A team of researchers have devised a novel technology that can detect the activity of neurons during specific and complex behaviours like "sex in mind" at cellular resolution.
Scientists from the Cold Spring Harbor Laboratory (CSHL), with collaborators from the Massachusetts Institute of Technology (MIT), the Boston University and the Allen Institute of Brain Science, were able to spot the activity of neurons at the resolution of individual brain cells throughout the entire mouse brain.
Importantly, for the first time, the new imaging method makes it possible to accurately count how many neurons are active in various brain areas during specific behaviour.
Most people have seen functional magnetic resonance imaging (fMRI) scans of the human brain. Such scans, while roughly indicative of brain activity, have very low resolution.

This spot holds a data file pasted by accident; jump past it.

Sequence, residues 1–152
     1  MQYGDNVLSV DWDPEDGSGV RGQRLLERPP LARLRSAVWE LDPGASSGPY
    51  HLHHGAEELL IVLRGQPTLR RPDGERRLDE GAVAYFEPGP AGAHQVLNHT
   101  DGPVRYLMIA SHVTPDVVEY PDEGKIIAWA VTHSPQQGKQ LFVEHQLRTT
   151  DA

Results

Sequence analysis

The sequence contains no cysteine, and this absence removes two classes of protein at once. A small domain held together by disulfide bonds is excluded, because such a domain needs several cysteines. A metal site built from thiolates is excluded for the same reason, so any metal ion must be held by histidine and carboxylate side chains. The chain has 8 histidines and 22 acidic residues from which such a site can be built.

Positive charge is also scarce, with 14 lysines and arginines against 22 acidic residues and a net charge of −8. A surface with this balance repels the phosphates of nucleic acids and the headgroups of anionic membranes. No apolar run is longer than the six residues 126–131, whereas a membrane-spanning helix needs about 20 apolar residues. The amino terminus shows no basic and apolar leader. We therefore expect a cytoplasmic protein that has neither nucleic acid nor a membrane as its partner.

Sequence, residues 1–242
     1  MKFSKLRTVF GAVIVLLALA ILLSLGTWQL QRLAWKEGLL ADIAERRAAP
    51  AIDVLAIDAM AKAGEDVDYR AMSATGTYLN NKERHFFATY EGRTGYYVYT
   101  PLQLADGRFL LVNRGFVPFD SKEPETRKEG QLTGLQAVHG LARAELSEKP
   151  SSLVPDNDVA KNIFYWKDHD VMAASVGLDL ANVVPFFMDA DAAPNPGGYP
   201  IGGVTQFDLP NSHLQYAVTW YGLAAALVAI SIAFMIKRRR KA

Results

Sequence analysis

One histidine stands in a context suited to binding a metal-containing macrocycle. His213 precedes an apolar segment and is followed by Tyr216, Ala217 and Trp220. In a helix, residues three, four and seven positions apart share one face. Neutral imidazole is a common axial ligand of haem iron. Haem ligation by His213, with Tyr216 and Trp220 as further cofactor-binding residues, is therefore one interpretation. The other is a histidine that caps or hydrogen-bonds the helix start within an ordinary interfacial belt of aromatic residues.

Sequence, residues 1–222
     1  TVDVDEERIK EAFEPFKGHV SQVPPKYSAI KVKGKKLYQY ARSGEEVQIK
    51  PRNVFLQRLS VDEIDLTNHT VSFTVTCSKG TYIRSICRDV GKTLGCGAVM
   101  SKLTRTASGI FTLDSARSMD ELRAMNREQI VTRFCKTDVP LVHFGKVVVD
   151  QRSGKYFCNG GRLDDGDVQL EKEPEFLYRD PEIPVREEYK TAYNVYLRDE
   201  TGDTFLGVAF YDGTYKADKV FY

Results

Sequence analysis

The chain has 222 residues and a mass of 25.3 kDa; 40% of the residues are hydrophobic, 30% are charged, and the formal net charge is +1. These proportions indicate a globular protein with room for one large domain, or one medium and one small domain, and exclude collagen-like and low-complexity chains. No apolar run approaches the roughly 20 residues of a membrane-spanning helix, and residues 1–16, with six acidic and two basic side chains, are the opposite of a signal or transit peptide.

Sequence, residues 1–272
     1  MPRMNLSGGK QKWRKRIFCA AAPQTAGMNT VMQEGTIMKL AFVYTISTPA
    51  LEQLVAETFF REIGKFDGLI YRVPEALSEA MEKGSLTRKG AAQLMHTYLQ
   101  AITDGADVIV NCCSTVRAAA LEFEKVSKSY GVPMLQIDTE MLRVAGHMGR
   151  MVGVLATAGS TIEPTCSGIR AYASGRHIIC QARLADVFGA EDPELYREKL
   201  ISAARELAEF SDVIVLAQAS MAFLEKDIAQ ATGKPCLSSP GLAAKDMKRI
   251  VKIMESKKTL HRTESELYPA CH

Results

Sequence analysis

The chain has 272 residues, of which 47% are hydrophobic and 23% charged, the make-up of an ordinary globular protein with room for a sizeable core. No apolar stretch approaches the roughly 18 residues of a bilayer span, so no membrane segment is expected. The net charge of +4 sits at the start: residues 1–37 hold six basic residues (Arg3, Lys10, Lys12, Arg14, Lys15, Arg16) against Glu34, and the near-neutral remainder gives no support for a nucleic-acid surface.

The new technology "opens the door to do automated screening of brain activation evoked by specific behaviours in mice," said lead researcher Pavel Osten, associate professor at the CSHL.
The method uses the presence of a protein called c-fos to indicate where individual neurons are active.
The protein is generated by expression of a gene by the same name, which is known to correlate with neural activity.
c-fos protein has been used previously as a marker for neural activity.
According to the authors, the new imaging technology could be useful in figuring out what goes wrong at the cellular level in disorders such as autism and schizophrenia, where social interaction is impaired.
The study appeared in the journal Cell Reports.